Important movements in drama, poetry, fiction, and criticism took shape in the years before, during, and after World War I. The eventful period that followed the war left its imprint upon books of all kinds. Literary forms of the period were extraordinarily varied, and in drama, poetry, and fiction the leading authors tended toward radical technical experiments.
Experiments in drama
Although drama had not been a major art form in the 19th century, no type of writing was more experimental than a new drama that arose in rebellion against the glib commercial stage. In the early years of the 20th century, Americans traveling in Europe encountered a vital, flourishing theatre; returning home, some of them became active in founding the Little Theatre movement throughout the country. Freed from commercial limitations, playwrights experimented with dramatic forms and methods of production, and in time producers, actors, and dramatists appeared who had been trained in college classrooms and community playhouses. Some Little Theatre groups became commercial producers—for example, the Washington Square Players, founded in 1915, which became the Theatre Guild (first production in 1919). The resulting drama was marked by a spirit of innovation and by a new seriousness and maturity.
Eugene O’Neill, the most admired dramatist of the period, was a product of this movement. He worked with the Provincetown Players before his plays were commercially produced. His dramas were remarkable for their range. Beyond the Horizon (first performed 1920), Anna Christie (1921), Desire Under the Elms (1924), and The Iceman Cometh (1946) were naturalistic works, while The Emperor Jones (1920) and The Hairy Ape (1922) made use of the Expressionistic techniques developed in German drama in the period 1914–24. He also employed a stream-of-consciousness form of psychological monologue in Strange Interlude (1928) and produced a work that combined myth, family drama, and psychological analysis in Mourning Becomes Electra (1931).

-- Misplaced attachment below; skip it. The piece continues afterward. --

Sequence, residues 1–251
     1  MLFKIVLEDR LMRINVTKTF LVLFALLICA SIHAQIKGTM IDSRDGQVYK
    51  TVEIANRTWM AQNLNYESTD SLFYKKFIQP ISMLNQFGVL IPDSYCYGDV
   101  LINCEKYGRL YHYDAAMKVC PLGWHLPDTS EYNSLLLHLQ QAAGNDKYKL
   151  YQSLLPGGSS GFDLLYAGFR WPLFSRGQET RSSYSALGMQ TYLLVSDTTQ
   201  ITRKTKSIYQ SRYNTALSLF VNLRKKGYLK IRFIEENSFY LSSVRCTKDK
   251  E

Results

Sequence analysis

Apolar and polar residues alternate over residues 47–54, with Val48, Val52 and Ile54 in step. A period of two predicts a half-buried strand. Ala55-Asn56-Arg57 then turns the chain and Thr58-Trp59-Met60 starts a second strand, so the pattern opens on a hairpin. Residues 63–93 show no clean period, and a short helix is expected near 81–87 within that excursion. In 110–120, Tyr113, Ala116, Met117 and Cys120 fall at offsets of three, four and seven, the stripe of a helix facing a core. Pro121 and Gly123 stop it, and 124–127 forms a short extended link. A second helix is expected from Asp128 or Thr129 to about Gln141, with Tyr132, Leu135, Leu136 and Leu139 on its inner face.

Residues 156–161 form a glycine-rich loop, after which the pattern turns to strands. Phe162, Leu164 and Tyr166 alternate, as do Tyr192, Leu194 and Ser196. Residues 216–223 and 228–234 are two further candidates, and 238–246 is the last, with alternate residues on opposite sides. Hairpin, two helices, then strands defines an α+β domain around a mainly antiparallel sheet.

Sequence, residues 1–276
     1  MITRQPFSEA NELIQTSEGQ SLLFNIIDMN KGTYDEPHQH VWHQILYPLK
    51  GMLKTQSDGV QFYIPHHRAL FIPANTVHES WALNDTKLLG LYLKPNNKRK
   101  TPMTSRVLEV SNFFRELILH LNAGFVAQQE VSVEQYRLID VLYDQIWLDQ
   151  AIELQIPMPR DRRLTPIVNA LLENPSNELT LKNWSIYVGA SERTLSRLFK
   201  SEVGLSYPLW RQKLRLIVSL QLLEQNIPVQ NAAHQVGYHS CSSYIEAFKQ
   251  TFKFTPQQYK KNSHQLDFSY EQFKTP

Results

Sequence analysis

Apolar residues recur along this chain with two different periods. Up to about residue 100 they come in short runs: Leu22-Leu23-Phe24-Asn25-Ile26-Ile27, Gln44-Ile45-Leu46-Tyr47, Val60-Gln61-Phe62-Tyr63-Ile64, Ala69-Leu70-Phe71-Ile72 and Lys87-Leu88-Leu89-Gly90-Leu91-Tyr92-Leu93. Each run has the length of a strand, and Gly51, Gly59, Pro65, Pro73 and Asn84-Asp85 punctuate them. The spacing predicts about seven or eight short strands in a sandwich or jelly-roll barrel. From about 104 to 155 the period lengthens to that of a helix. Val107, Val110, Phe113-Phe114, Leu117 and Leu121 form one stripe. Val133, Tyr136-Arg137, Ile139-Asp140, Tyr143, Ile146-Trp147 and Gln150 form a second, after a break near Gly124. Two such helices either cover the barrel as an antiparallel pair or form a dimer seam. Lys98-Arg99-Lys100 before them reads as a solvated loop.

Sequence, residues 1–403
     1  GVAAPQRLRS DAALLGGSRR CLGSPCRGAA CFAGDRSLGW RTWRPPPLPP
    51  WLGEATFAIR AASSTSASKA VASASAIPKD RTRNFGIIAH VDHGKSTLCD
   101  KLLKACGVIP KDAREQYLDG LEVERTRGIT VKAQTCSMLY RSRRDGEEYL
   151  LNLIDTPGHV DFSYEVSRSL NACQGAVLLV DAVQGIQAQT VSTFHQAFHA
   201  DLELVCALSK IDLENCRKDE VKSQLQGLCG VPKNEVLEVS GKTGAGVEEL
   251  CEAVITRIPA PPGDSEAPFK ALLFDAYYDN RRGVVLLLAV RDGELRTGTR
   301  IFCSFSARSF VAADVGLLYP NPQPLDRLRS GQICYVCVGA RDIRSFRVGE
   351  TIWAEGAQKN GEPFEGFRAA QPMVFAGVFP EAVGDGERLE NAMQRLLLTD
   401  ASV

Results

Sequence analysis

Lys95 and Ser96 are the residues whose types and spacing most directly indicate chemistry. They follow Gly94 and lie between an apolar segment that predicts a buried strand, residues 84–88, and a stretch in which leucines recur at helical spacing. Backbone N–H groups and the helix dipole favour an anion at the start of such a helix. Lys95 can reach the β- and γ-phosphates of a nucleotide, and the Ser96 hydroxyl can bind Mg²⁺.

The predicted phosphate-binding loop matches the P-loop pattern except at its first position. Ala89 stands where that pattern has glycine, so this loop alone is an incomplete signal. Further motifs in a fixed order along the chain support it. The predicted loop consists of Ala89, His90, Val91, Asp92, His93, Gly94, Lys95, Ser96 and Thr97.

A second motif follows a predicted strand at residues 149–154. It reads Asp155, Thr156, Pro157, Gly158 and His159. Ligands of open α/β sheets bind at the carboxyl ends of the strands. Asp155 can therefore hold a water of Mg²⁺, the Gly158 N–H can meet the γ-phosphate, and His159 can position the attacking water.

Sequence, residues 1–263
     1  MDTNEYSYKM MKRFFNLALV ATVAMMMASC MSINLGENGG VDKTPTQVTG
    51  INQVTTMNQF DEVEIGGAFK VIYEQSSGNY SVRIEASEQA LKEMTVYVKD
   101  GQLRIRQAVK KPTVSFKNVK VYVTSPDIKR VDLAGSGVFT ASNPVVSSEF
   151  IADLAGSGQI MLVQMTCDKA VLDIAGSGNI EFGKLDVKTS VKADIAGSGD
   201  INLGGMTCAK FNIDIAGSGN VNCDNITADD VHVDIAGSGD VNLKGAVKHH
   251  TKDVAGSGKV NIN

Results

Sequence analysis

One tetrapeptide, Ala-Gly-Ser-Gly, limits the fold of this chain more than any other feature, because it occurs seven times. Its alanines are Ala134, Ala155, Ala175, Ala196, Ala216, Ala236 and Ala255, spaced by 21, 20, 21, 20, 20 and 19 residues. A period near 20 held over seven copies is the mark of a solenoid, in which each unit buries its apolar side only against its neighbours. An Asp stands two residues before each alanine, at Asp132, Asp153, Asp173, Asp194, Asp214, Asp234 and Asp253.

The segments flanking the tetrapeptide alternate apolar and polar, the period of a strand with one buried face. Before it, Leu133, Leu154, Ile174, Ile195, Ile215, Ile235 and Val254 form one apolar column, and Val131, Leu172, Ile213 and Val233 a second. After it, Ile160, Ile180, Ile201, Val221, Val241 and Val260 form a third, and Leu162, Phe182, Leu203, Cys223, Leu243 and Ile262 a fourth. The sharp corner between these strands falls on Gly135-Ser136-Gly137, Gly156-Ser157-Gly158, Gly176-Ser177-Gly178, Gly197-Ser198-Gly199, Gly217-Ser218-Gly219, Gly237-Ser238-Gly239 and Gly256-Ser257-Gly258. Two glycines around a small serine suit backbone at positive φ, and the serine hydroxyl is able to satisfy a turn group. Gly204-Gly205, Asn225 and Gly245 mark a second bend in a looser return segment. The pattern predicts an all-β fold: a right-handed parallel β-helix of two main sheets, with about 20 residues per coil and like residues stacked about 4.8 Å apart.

No other dramatist was as generally praised as O’Neill, but many others wrote plays that reflected the growth of a serious and varied drama, including Maxwell Anderson, whose verse dramas have dated badly, and Robert E. Sherwood, a Broadway professional who wrote both comedy (Reunion in Vienna ) and tragedy (There Shall Be No Night ). Marc Connelly wrote touching fantasy in an African American folk biblical play, The Green Pastures (1930). Like O’Neill, Elmer Rice made use of both Expressionistic techniques (The Adding Machine ) and naturalism (Street Scene ). Lillian Hellman wrote powerful, well-crafted melodramas in The Children’s Hour (1934) and The Little Foxes (1939). Radical theatre experiments included Marc Blitzstein’s savagely satiric musicalThe Cradle Will Rock (1937) and the work of Orson Welles and John Houseman for the government-sponsored Works Progress Administration (WPA) Federal Theatre Project. The premier radical theatre of the decade was the Group Theatre (1931–41) under Harold Clurman and Lee Strasberg, which became best known for presenting the work of Clifford Odets. In Waiting for Lefty (1935), a stirring plea for labour unionism, Odets roused the audience to an intense pitch of fervour, and in Awake and Sing (1935), perhaps the best play of the decade, he created a lyrical work of family conflict and youthful yearning. Other important plays by Odets for the Group Theatre were Paradise Lost (1935), Golden Boy (1937), and Rocket to the Moon (1938). Thornton Wilder used stylized settings and poetic dialogue in Our Town (1938) and turned to fantasy in The Skin of Our Teeth (1942). William Saroyan shifted his lighthearted, anarchic vision from fiction to drama with My Heart’s in the Highlands and The Time of Your Life (both 1939).
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